Tag Archives: scheduling

Capability Plus Skill Set

From the Ask Tom mailbag –

Question:
How does someone make the leap from technician to manager? I see it all the time in IT work, and I think it’s why there are so many bad managers out there. Isn’t this the Peter Principle, where people are promoted to their level of incompetence?

Response:
It’s more than a leap. It is a completely different skill set. The technician is an expert in a technical skill. The technician does the production work.

One level of work above is the supervisor. The supervisor does NOT do the production work. The supervisor makes sure the production work gets done; completely, accurately, no missing segments and on time. The tools of the supervisor are checklists and schedules. This is not a subtle concept and most companies don’t get it.

The role of the supervisor is coordination. Success requires two things. First, the person has the capability to make longer timespan decisions and solve more complex problems. Second is the development of a new skill set related to schedule making, checklist making and meetings. The failure is most supervisors are promoted to a role where they are expected to use a skill set they have not developed and the company is not prepared to train.

It’s a Different Level of Work

As Phillip simmered, he finally blurted out, “But they should know how to schedule. How hard is that?”

“I don’t know, Phillip. How complicated are your scheduling logistics?” I asked.

“It’s just getting the materials and the people scheduled. How hard could it be.” Phillip was firm.

“What is the biggest problem they face in scheduling?”

Phillip thought for a minute, hoping to tell me there were never problems, but he knew better. “I guess the biggest problem is coordinating with the other subs on the job, to make sure their work is finished and the project is ready for the work we do. Since the subs don’t work for us, coordinating is sometimes difficult.”

“So, how do you train your PMs to deal with that?”

“Train ’em. They’re just supposed to know that they have to go check.” It was not a good answer and Phillip began to backpedal.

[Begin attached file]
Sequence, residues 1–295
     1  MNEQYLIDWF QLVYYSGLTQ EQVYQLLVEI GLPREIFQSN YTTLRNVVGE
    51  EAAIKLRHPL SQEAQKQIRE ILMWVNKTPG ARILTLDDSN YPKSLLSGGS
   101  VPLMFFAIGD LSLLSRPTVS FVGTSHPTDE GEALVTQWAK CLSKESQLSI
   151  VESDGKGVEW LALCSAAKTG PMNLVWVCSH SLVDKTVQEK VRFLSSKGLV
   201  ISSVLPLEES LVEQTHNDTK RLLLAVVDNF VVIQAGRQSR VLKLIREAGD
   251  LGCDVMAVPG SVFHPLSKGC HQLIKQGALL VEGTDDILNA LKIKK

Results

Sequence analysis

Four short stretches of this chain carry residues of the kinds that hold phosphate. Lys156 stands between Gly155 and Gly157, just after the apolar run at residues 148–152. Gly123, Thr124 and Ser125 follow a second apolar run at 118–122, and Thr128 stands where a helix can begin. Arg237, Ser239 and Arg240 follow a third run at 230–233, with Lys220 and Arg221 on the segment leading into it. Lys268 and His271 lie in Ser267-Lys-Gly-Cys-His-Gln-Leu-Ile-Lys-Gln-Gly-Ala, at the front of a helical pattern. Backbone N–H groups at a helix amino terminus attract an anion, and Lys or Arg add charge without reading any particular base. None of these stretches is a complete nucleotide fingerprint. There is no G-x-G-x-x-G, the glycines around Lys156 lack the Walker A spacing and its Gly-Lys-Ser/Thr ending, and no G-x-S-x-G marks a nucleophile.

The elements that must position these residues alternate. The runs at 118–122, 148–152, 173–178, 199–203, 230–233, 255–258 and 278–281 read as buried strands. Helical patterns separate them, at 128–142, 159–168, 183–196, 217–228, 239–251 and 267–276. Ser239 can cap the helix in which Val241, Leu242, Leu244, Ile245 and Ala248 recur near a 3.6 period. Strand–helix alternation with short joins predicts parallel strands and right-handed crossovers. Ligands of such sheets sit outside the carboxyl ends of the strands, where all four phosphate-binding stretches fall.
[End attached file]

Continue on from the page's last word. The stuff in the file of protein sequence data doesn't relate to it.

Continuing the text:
I pressed. “On the job, do materials ever get back-ordered? Does a crew member ever call in sick or a whole crew get reassigned to an emergency? Does the contractor ever change something without a change order? Does a piece of heavy equipment get delayed on another project and not show up? Does a dumpster load sometimes not get switched out in time. Does a code inspector sometimes not show up?

“Tell me, Phillip. How do you train your Project Managers to create and maintain schedules?”

Phillip hesitated. He knew any response would just sound like an excuse.

“Phillip, here is the critical factor. Actually doing the work is completely different from making sure the work gets done. It’s a different role in the company. It has its own skill set. You didn’t hire for it, you didn’t train for it, and, right now, it’s killing you.”

Scheduling as a Skill

Phillip was perplexed. “I explained it to them three times. They still don’t get it.” His emotion was a mixture of anger and bewilderment.

“What do you think the problem is?” I asked.

“My project managers don’t seem to have the capability to understand. They have 4 or 5 years in the business. Technically, they know how to do the work. They just can’t seem to be able to get other people to perform, at least not on time and most of the time, not on budget.” As Phillip talked, he calmed down.

“Technically, they understand what needs to be done?” I confirm.

“Yes, but the technical skills almost seem unimportant, now.” Phillip shook his head.

“If it’s not technical skills, what is it?”